Clark County might get its first low-elevation snow of the winter next week.
Forecast models indicate a trough of cold air will spill out of Canada’s Yukon Territory into the Northwest, bringing with it freezing temperatures and the potential for midweek snow.
Forecasters at the National Weather Service in Portland say the likelihood of snow is increasing, but they aren’t sure if snow will blanket the Portland-Vancouver area.
“It’s still early, and there’s an awful lot of uncertainty right now,” Gerald Macke, a meteorological technician, said Wednesday. “We can’t rule it out, but we can’t definitely say there is going to be snow.”
One model indicates the weather could turn so cold that it would break Portland’s record for the lowest high temperature for a day, a frigid 14 degrees, but forecasters don’t believe that will happen, Macke said.
“There are a lot of computer models we are looking at, and there is a wide variety in what could happen,” he said. “We know it’s going to get cold, starting Monday.”
A strong storm expected to arrive Friday should dump between 1 and 3 feet of snow in the Cascades. Friday evening through Saturday morning will be the worst time to travel through mountain passes. No snow is expected at lower elevations this weekend.
With the arrival of colder temperatures, additional storms from the Gulf of Alaska could spread moisture into that cold air and bring snow levels down to the valley floor.
Local governments are in a wait-and-see mode. With heavy rain expected this weekend, they aren’t spraying saline anti-icer on roads since it would wash away before cold weather arrives.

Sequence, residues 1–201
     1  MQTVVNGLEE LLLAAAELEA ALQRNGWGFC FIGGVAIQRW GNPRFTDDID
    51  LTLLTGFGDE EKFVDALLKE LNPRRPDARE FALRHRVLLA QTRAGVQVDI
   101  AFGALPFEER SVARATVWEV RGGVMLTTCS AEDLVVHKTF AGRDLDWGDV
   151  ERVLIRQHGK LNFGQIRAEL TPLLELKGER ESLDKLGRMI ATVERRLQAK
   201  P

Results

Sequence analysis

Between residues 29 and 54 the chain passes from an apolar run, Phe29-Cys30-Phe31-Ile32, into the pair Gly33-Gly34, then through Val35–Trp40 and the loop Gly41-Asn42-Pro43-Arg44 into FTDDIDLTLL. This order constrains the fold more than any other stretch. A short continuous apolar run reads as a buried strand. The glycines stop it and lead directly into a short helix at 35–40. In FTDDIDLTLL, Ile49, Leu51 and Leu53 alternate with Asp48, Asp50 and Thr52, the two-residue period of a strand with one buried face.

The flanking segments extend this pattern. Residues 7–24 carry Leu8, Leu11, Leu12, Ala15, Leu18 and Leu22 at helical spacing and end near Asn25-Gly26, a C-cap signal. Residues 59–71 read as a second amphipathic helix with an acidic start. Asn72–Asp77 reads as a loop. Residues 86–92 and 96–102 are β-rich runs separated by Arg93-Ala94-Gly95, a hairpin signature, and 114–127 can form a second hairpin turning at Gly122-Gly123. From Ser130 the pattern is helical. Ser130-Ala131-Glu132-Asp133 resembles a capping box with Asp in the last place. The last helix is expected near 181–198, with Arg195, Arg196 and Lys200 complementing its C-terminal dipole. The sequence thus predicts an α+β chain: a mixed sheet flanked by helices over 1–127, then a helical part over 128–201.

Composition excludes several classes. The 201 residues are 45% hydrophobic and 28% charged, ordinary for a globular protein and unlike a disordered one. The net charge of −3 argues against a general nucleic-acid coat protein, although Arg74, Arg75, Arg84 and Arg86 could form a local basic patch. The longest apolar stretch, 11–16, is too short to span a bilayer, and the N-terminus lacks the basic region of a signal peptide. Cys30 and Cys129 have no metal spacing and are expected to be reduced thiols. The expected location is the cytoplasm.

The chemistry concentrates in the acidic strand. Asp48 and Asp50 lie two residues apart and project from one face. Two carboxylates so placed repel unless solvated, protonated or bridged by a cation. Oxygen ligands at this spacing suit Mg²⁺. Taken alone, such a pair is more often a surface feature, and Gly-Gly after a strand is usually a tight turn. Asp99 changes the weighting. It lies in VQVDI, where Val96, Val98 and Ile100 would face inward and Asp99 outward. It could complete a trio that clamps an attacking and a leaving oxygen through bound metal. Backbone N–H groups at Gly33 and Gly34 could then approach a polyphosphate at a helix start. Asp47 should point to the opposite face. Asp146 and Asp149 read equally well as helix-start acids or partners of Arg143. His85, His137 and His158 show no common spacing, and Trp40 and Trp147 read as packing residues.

“We are paying really close attention to the weather reports,” said Magan Reed, spokeswoman for Clark County Public Works. “All of our crews will be ready to go if there is ice and snow.”
Loretta Callahan, spokeswoman for Vancouver Public Works, said the city is watching weather forecasts and conditions and will be ready to respond.
Vancouver will have a night shift on duty starting Sunday, she said.
“If the winter weather passed us by, we have other maintenance plans for that time,” she said.
Both Reed and Callahan encouraged residents to be prepared for winter weather.
If homeowners have not insulated pipes near outer walls in crawl spaces and covered hose bibs, this weekend would be a good time to make those preparations, Callahan said.
“Property owners are responsible for the plumbing on their own property,” she said.
Tamara Greenwell, acting communications manager for the Washington State Department of Transportation in Southwest Washington, said her agency responds to weather at Cape Horn on state Highway 14 and other locations that get snow and ice more frequently than the metro area.
“We are tracking the weather system that is expected to move in,” Greenwell said. “We’ve got phone calls with the weather service this weekend to ensure we are prepared for whatever Mother Nature has in store for us.”
Amtrak already has run into problems, even before the arrival of heavy rain and possible snow.
A landslide between Tacoma and Lacey has blocked railroad tracks, prompting Amtrak to bus passengers between Portland and Seattle.
Passenger rail service between the two metro areas is not expected to resume until this morning.